Designer Spotlight: Geoffrey Beene

Posted by Cherie
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Photo from Geoffrey Beene: An American Fashion Rebel book by Kim Hastreiter.


Editor's note: One of my goals for 2016 was to continue to help spread and share our love and knowledge of why this little world of vintage loveliness that I have created amongst these web pages even exists. Beyond posting pretty pictures and editorials and sharing stories of days gone by, everything I do with my team really springs from my great love of the vintage that I source and find all around the world. It is at heart, all about vintage, and yet sometimes I feel that with all the other aspects that go into running this blog and the site that I can get caught up in so many things that take away from the simple act of my love of the great designers and their creations. To offset that, I have decided to highlight one of the designers whose work I love each week. This is not intended as a comprehensive biography but rather bits and pieces of what I have learned through my years in this business, along with some examples of the work and pieces I have in my shop. It is my little weekly love tribute to someone from the past and I hope you enjoy this new addition to our blog. xx Cherie


My team and I are slowly working our way through each of our vintage designer's pages and adding a little "bio" at the top to give people unfamiliar with that person's work a glimpse into what made them special and perhaps to inspire further research and appreciation. The topper for Geoffrey Beene has this to say:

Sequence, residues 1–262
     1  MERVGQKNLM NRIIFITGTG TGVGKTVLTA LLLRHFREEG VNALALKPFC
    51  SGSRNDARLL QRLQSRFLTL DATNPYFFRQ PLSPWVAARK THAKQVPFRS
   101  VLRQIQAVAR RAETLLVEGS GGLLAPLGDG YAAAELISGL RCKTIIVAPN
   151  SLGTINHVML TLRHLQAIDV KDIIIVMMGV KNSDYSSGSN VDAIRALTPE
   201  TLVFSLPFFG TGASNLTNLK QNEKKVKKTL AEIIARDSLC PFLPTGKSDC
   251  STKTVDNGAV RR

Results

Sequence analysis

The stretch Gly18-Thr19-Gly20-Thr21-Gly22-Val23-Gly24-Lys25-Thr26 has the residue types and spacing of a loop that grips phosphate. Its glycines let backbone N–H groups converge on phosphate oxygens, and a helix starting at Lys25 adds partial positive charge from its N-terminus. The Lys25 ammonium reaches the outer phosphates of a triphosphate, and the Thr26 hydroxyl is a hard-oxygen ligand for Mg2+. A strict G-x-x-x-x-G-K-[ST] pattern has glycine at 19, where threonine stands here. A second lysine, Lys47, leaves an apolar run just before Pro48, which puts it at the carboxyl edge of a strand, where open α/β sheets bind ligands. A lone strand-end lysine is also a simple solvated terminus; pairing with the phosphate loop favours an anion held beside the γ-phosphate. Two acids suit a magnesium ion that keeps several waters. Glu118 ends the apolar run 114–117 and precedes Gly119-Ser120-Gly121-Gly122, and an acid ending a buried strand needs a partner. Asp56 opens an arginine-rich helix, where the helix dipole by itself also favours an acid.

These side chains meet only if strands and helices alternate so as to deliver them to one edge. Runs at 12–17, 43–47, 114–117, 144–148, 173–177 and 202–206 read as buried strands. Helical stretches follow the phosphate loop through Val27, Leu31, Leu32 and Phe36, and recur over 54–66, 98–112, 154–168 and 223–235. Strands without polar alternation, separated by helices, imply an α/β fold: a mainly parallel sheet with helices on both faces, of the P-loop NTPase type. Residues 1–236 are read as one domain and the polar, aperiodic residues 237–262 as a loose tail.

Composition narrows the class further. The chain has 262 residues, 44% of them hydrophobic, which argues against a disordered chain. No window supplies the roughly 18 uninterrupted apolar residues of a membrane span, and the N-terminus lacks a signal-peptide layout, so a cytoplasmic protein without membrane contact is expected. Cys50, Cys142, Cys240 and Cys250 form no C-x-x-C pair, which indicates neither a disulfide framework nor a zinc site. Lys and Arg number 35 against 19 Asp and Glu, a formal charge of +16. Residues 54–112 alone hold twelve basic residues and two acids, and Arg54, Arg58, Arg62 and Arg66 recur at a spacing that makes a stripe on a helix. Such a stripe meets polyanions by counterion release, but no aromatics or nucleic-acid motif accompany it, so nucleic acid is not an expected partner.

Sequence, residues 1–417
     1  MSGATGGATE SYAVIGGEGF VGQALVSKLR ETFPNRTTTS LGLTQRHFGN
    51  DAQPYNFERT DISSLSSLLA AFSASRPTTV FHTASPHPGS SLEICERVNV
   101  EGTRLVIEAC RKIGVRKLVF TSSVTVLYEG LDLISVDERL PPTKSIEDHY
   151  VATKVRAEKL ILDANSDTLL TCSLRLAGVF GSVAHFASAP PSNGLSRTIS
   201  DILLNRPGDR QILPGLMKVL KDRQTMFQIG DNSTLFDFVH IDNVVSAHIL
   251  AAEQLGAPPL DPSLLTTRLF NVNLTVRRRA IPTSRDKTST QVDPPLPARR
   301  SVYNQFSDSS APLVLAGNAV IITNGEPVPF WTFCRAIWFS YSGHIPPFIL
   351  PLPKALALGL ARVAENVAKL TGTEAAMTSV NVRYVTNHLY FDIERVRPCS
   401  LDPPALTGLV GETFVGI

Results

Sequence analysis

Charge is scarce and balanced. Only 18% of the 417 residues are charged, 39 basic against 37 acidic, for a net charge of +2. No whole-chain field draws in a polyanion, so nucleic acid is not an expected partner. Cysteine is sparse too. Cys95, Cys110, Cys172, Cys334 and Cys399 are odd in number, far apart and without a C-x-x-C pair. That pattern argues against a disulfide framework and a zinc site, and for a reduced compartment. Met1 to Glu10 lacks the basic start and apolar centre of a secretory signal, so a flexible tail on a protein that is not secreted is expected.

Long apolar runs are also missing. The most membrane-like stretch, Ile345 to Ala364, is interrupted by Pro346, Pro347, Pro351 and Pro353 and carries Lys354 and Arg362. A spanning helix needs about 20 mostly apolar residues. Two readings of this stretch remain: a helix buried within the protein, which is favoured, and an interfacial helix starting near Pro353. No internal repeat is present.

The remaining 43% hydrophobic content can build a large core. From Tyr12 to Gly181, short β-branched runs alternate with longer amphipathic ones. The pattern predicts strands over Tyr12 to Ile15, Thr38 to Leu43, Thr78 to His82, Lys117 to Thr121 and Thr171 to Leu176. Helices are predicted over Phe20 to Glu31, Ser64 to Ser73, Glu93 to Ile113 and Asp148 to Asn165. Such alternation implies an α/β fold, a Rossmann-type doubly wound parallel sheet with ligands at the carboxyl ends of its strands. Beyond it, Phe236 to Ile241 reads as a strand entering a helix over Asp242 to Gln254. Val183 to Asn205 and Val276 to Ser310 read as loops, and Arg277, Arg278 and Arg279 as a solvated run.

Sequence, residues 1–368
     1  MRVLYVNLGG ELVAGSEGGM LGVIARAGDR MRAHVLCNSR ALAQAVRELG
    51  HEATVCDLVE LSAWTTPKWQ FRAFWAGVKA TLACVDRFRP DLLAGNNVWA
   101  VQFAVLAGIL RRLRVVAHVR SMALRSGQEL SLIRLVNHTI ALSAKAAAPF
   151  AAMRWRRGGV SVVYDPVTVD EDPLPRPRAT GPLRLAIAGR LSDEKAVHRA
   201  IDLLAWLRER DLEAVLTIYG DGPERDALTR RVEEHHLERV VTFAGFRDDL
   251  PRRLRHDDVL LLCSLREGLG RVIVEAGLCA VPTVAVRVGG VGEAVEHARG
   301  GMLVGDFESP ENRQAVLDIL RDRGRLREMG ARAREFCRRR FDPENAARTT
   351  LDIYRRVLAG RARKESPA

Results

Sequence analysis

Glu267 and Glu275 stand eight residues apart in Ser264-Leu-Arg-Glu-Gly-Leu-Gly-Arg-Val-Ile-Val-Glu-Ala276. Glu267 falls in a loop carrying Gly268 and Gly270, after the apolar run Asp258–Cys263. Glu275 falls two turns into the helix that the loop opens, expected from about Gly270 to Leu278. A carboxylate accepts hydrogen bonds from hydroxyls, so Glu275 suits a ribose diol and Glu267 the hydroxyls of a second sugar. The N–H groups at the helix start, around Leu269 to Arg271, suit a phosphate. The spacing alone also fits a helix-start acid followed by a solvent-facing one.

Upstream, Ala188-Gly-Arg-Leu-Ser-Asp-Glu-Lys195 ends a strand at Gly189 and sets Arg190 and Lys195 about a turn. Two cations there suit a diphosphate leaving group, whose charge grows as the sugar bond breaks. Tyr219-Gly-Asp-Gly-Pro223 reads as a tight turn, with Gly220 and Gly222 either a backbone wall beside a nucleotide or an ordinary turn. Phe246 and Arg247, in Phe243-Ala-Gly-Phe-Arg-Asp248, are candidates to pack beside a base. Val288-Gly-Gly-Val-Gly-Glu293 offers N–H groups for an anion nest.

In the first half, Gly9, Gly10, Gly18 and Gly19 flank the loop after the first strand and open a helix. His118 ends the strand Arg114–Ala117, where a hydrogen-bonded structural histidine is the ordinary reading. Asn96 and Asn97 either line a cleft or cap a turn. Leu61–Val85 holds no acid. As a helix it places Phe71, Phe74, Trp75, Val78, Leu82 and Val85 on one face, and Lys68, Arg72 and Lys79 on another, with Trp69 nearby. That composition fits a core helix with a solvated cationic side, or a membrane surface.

“'One of my greatest pleasures has been to take jersey and men’s fabrics into the ballroom' —Geoffrey Beene. This quote of Geoffrey Beene’s, taken from a eulogy written by Hamish Bowles for Vogue, is perhaps the perfect analogy for the designer’s 40 year-long career. Beene, born in a small town in Louisiana, initially trained in medicine but dropped out to pursue a career in fashion. His studies took him to the Ecole de la Chambre Syndicale de la Couture Parisienne where he trained before returning to the States to found his own firm in 1963. Beene’s career was one which insisted on breaking the mold —he resisted the assumption that American designers were less esteemed than their European counterparts by being the first American to show in Milan. He challenged the notion that ready-to-wear designs were less than their couture counterparts and revolutionized the use of unconventional fabrics and styles (his sequinned football jersey gown being a notable example of this). Beene’s legacy is pervasive in the fashion world today where many designers pull from his archive of silhouettes and styles (some go so far as to blatantly copy them). Beene’s design process was firmly rooted in the capacities of the fabric and the structural anatomy of the female form rather than seasonal trends. For this his designs retain the same daring yet timeless quality now as they did during Beene’s prolific career"

Beene was an extraordinary designer. Both Tom Ford and Marc Jacobs have cited him as being "who they felt was the greatest designer produced by the United States in the 20th century, a figure who could be placed alongside couturiers of the caliber of Chanel and Balenciaga". That taken from a wonderful look back on his work by Colin McDowell for Business of Fashion. You can read it in full here and I highly recommend you do just that. He is the winner of eight Coty Awards, three CFDA Awards, an honorary doctorate from the Rhode Island School of Design and has also been designated an “American Original” by the Smithsonian in Washington, DC.